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Compassionate leaders not only see their employees as integral parts of their organization, but they also view and recognize them as individuals. They recognize the needs of their employees in their entirety, not just as they mutually fulfill the needs of the business. Compassionate leaders are influencers, not authoritarians. Their leadership style is focused on encouragement, and they rarely (if ever) make demands of their team. They understand and respect their team and provide a leadership style that supports and empowers them. They inspire team members to unite towards a common goal through messages of hope, commitment, and passion that they demonstrate every day.
Your team wants more than a paycheck from you! Today’s hiring market is competitive. If you want to attract the best, you must be the best. Top talent is seeking a workplace that will offer feedback on their performance, provide professional support, and allow them room to grow and develop. A recent Gallup poll asked 13,085 US workers what the most important factors were to them when considering a new job. Of the top six responses, one was a pay increase, however the others all involved issues related to their overall wellbeing: work life balance, the ability to work to their strengths, job stability, and inclusive policies. Being a compassionate leader will allow you to meet these expectations and provide an attractive workplace for new talent.
There are so many ways to show compassion to those around you, and compassion does not always fit into a one size fits all box. As mentioned earlier, you need to see your employees as individuals in order to be a compassionate leader, so you will need to recognize those individual needs. Here are a few tips to help you do that:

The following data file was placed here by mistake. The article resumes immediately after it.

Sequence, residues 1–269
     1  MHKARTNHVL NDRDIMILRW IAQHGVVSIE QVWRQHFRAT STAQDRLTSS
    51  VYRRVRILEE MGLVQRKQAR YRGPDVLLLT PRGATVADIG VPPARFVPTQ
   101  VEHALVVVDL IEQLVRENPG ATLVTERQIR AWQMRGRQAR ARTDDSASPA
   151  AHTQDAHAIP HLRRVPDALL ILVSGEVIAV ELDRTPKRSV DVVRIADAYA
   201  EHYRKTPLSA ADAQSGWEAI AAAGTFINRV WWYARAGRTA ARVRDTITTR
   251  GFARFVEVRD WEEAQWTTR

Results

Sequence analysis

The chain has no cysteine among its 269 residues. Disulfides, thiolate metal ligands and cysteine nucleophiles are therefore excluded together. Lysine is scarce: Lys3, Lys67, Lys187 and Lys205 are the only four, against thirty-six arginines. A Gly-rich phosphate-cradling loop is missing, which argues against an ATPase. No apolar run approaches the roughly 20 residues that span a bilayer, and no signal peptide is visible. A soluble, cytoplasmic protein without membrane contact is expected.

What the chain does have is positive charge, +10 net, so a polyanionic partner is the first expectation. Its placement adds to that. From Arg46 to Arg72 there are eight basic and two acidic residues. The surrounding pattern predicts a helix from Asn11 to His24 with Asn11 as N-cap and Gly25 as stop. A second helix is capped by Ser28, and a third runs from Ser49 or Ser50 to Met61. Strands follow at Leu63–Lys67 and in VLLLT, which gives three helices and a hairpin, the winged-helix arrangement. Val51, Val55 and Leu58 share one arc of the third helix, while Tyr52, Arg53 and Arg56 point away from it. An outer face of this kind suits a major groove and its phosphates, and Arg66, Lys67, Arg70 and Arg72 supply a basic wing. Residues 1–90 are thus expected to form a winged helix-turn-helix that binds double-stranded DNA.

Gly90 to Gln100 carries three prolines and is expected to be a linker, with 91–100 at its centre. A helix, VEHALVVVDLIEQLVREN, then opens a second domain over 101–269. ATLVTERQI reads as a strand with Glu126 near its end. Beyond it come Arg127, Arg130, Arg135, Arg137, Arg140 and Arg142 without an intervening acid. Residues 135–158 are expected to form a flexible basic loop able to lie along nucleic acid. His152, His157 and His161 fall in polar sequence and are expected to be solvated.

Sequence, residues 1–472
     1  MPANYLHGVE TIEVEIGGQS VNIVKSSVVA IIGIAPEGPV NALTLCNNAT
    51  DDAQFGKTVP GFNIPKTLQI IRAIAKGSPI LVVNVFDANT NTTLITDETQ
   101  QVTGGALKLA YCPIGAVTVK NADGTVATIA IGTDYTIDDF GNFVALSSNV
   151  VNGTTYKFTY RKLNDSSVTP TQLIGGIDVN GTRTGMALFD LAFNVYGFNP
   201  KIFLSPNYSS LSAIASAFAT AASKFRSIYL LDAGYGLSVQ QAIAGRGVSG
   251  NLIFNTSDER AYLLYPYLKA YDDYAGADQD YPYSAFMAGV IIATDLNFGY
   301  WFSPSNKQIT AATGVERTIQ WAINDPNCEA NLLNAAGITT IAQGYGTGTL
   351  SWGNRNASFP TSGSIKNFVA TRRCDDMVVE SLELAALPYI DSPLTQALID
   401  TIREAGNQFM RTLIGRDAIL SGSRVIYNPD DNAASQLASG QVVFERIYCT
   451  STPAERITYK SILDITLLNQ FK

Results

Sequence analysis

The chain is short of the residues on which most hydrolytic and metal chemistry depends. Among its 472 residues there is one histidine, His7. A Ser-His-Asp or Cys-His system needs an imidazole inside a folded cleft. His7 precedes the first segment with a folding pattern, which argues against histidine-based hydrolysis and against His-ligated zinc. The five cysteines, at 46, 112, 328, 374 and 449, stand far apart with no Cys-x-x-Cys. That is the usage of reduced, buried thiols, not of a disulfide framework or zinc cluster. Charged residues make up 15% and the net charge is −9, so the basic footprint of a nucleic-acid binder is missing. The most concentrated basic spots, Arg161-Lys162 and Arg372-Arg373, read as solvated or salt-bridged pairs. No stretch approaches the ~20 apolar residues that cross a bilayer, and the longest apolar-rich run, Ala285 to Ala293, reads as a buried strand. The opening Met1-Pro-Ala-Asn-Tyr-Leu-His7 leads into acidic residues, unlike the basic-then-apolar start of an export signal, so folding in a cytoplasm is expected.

Listen to your team members. Start by letting them speak. Give them a safe space to voice what they feel and what’s important to them, without any fear of retribution. Be okay with hearing the good and bad.
Engage in the conversation with them. Hear them out. Remember, though, that productive communication is two-way. Afterwards, follow up and take action! Check in on them from time to time to show that you heard and remember their thoughts and concerns. If there was action needed, don’t forget to take that action. That simple act alone lets the team member know how important they are to you. Be honest when action cannot be taken immediately or at all. You can still hear out their concerns, even if an immediate fix isn’t possible. Studies have shown that the simple act of voicing concern and being heard is impactful.
2.) BE PRESENT
Compassionate leaders are in touch with their organization and their team. When you are working with your team members, try to really be there in that moment with them. Focus on one thing at a time and minimize distractions. When your team members speak to you, make sure they feel like they are your priority at that time. Put your phone down and ignore your email. This is possible if you time block your day appropriately. This will allow them to feel like they are your priority in that moment.